After having giving up on learning acoustic guitar years ago, I feel like learning it again (and sing to my wife). I did a bit research and then bought a Squire electric starter pack. I have access to acoustic video lessons and I've been trying to implement the acoustic guitar lessons on my electric guitar. But the frets on the electric guitar are small and I cannot properly form the chords that the tutor teaches.

  • So I plan to change the fingers to suit myself for forming some of the chords as opposed to what the tutor teaches. For instance, fingers 1,2,3 for Amaj instead of 2,1,3. Is that a good strategy?
  • If that is not a good habit, should I subscribe to the lessons targeted for electric guitars only? Is FenderPlay or GuitarTricks.com a good place to get the online lessons, if not do you pros have any suggestions for online lessons?
  • Thank you for your suggestion, @YourUncleBob. But I am limited by the budget since I recently bought the Squire. Commented Jun 28, 2019 at 23:46
  • Since you are limited by the budget, one of the things you could probably do is replacing the neck. I am not a guitarist myself, but I assume it is a possibility. Other than that, I guess, you could use a program like Guitar Pro to find alternative chord pickings. I do not think either will affect your learning adversely.
    – Pyromonk
    Commented Jun 28, 2019 at 23:57
  • 1
    One of the reasons for that A fingering is easy switching to D or E (keeping your index finger on the G string). If you can easily switch between the alternatively fingered A and other chords, then it shouldn't be a problem. Commented Jun 29, 2019 at 0:08

3 Answers 3


No matter what, you should feel free to adjust fingerings to suit your fingers, your guitar, and your playing style. I recommend to my students that they always try the suggested fingerings but never feel like they are required fingerings.

To me, playing guitar is much more personal than the other instruments I’ve played, in that the techniques vary a lot from player to player. As a teacher, my main goal for technique has always been to help the student avoid injury and help them find what works for them. When teaching yourself, I suggest you do the same.

  • Thank you @Todd Wilcox. I really appreciate your insights. That helps a lot for me. Commented Jul 8, 2019 at 23:50

I've found the hardest thing about learning guitar is getting over that first hump. It can be physically painful while building finger strength. That along with progressing quickly enough to maintain interest are the biggest hurdles.

I originally attacked the physical end with simple exercises. They build strength and flexibility to place your fingers anywhere on the fret board, with quick pain free accuracy. Once you have that ability. Chord and scale work become 2nd nature.

There Are countless websites for every level of Guitar. YouTube is a great place to start. I've played for 45 years and still hunt the perfect lesson, learn to filter them. I've found .edu and .org sites from schools and even some church based lesson sites are less bluster and more content.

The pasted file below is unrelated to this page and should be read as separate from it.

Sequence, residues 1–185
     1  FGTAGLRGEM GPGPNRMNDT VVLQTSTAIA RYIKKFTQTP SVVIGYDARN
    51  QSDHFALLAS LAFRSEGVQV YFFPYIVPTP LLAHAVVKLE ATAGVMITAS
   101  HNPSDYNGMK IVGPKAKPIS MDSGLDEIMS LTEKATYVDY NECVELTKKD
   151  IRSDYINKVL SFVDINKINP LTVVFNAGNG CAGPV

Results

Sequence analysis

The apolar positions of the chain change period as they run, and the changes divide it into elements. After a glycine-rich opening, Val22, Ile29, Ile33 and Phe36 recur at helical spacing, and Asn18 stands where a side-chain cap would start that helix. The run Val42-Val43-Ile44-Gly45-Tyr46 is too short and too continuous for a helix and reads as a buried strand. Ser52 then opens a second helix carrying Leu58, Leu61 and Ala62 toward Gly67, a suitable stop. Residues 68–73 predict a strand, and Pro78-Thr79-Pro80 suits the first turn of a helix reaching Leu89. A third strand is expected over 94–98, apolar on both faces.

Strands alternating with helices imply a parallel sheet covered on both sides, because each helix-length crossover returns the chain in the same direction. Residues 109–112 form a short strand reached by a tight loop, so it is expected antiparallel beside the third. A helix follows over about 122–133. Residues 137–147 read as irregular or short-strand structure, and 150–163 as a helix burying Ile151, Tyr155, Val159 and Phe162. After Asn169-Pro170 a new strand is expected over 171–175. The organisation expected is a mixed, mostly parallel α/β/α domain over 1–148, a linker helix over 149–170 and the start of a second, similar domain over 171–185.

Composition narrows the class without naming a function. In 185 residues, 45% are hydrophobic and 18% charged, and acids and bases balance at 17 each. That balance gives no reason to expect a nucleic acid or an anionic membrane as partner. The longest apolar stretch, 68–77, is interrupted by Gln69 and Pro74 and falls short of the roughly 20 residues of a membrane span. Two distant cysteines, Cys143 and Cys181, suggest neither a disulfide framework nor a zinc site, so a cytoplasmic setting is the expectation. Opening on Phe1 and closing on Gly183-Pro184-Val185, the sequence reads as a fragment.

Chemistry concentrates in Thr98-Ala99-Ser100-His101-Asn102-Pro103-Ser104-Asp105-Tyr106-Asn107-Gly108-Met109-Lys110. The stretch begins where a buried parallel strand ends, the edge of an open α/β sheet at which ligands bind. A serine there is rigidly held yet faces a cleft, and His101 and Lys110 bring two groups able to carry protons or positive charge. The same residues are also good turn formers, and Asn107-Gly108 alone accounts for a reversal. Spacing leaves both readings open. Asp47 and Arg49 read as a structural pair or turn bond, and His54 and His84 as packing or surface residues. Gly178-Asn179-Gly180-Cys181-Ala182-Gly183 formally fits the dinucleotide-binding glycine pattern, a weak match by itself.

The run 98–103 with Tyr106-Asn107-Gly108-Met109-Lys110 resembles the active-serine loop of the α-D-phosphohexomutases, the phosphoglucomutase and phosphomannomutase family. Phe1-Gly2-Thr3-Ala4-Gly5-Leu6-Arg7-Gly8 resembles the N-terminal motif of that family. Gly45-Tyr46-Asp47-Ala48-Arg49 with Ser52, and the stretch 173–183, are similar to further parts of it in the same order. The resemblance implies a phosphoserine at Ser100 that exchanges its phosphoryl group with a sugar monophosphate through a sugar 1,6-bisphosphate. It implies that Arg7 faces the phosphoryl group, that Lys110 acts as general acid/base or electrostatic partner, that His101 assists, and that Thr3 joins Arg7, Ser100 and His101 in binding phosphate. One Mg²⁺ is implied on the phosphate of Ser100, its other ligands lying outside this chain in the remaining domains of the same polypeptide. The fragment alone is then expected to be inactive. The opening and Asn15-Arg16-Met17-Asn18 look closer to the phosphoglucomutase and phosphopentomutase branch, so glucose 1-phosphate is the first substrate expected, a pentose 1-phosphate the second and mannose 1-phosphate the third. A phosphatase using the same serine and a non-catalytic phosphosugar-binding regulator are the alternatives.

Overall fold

Starting out there are plenty of free lessons. I've made many a contribution to people, for advanced knowledge. But a lot a good people just want to help

To keep interest early on. My theory way back {with my newly calloused power fingers} was to learn every 1st position major chord... A,B,C,D,E,F,G as quickly as possible, an to play all of them instantly in any configuration. I played them in a straight loop to build speed. For finger strength pick a scale pattern or chromatically play the 1st four frets matched to your four fingers... Vertically up and down the neck, taking time to finger each note clearly and quickly. Your building clean tone , speed and strength. at some point add in a metronome for rythem

Your fingering on that A chord and the other poster are different from mine. I use the index finger bar on those 3 strings. That leaves my other fingers to pound out some lead or that 2-4 rock shuffle in A, my favorite Rock key. The point... whatever does the trick for you. The other post suggested placing fingers for leading to the next chord. That's valid advice a lot of times. As you go you'll look for shortcuts

Hang in there, kick the door in and toughen those fingers up, then use those 7 major chords (or any set of), to quickly play any song you want. its basic to begin but it will keep your interest. once you have those down go to the minor, 7ths and eventually the bar chords. phase in some theory as you go. Lessons and learning are lifelong... for me anyway! Good Luck




Techniques and styles are both personal to guitar and bass players like myself. When I was young the rules was to do it this way or don't do it at all. I've always tended to be a maverick about music. My fingering is usually different from most seasoned players. They sometimes comment on my way of doing things. But by the end of the gig they usually agree I do it well. Don't fall into the trap of there is a right or wrong way. There may be better techniques that work for most people, but it is not etched in stone. For instance I play bass guitar with a thick felt pick and wear a glove on my fretting hand. Like I said by the end of the night they usually start asking me where to get that stuff themselves. Many people emulate great players in bands only to find out they may or may not be able to do it that way. But, my ways sound just like them. I just get there by other means.

  • Thanks for sharing your experience Richard. I will have to adapt to my own ways to play correctly particularly because one of my finger is crooked because of a previous accident and can't place it properly on the neck like most people would. Your answer really motivates me from getting discouraged and just developing my own ways to play the guitar. Commented Jul 8, 2019 at 23:57

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